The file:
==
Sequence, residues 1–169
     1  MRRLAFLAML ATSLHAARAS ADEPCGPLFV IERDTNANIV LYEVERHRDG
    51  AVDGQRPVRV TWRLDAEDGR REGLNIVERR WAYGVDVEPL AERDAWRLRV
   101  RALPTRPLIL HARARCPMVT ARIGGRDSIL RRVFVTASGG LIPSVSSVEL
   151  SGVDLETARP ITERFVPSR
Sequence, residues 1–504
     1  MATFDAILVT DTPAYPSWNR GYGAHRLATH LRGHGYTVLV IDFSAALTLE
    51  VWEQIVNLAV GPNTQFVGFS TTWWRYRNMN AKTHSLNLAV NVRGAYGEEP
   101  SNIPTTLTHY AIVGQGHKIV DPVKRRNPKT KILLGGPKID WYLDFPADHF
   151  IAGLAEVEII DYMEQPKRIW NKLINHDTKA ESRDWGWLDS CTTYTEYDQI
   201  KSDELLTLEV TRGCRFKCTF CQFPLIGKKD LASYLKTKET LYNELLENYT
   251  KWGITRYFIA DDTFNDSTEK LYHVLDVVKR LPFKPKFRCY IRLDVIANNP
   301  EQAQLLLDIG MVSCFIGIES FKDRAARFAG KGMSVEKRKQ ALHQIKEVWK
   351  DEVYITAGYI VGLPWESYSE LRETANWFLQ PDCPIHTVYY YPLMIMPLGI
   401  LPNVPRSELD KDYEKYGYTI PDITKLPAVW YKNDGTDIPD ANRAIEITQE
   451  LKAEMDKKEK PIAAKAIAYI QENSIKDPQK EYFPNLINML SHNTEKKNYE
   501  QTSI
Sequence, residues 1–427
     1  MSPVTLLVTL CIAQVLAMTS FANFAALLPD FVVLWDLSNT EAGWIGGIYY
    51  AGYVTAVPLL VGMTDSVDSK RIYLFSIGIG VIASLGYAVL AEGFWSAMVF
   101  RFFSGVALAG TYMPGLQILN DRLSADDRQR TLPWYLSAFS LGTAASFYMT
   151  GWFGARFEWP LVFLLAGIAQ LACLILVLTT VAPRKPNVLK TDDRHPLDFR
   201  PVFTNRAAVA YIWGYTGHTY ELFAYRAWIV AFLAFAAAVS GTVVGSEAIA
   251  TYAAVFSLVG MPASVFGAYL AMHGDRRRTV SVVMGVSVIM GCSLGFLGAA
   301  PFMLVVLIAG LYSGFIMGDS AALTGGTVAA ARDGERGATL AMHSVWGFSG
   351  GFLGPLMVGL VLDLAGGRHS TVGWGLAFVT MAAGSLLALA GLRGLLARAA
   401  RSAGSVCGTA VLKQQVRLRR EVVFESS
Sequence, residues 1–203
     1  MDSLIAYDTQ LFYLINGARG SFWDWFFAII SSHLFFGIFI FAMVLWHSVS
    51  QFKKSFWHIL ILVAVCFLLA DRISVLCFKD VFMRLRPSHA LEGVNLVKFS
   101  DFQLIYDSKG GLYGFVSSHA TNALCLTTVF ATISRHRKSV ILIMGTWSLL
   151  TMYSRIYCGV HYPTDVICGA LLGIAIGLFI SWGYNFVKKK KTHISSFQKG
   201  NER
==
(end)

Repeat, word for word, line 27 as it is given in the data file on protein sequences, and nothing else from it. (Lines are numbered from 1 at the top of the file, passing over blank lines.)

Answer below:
   401  RSAGSVCGTA VLKQQVRLRR EVVFESS